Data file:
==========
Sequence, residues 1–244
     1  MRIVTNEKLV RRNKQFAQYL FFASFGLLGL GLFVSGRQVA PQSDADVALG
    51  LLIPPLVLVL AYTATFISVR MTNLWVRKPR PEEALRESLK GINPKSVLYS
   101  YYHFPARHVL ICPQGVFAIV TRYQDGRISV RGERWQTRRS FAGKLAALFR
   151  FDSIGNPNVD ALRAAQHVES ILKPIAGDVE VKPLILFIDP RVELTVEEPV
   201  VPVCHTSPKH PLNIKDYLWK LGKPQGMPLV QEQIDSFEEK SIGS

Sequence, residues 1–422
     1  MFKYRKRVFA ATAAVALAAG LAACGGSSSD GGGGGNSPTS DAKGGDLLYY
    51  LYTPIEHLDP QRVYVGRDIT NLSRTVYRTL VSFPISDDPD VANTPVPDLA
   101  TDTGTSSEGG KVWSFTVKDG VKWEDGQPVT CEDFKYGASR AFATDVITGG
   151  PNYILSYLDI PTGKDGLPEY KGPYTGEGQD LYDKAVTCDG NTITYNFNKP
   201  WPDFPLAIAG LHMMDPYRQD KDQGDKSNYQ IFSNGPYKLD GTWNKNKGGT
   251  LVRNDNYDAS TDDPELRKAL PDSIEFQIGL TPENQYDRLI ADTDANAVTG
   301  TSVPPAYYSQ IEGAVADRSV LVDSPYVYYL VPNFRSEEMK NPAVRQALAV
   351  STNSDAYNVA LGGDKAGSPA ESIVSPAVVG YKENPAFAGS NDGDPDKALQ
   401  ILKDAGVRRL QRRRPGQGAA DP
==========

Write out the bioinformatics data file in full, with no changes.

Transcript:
Sequence, residues 1–244
     1  MRIVTNEKLV RRNKQFAQYL FFASFGLLGL GLFVSGRQVA PQSDADVALG
    51  LLIPPLVLVL AYTATFISVR MTNLWVRKPR PEEALRESLK GINPKSVLYS
   101  YYHFPARHVL ICPQGVFAIV TRYQDGRISV RGERWQTRRS FAGKLAALFR
   151  FDSIGNPNVD ALRAAQHVES ILKPIAGDVE VKPLILFIDP RVELTVEEPV
   201  VPVCHTSPKH PLNIKDYLWK LGKPQGMPLV QEQIDSFEEK SIGS

Sequence, residues 1–422
     1  MFKYRKRVFA ATAAVALAAG LAACGGSSSD GGGGGNSPTS DAKGGDLLYY
    51  LYTPIEHLDP QRVYVGRDIT NLSRTVYRTL VSFPISDDPD VANTPVPDLA
   101  TDTGTSSEGG KVWSFTVKDG VKWEDGQPVT CEDFKYGASR AFATDVITGG
   151  PNYILSYLDI PTGKDGLPEY KGPYTGEGQD LYDKAVTCDG NTITYNFNKP
   201  WPDFPLAIAG LHMMDPYRQD KDQGDKSNYQ IFSNGPYKLD GTWNKNKGGT
   251  LVRNDNYDAS TDDPELRKAL PDSIEFQIGL TPENQYDRLI ADTDANAVTG
   301  TSVPPAYYSQ IEGAVADRSV LVDSPYVYYL VPNFRSEEMK NPAVRQALAV
   351  STNSDAYNVA LGGDKAGSPA ESIVSPAVVG YKENPAFAGS NDGDPDKALQ
   401  ILKDAGVRRL QRRRPGQGAA DP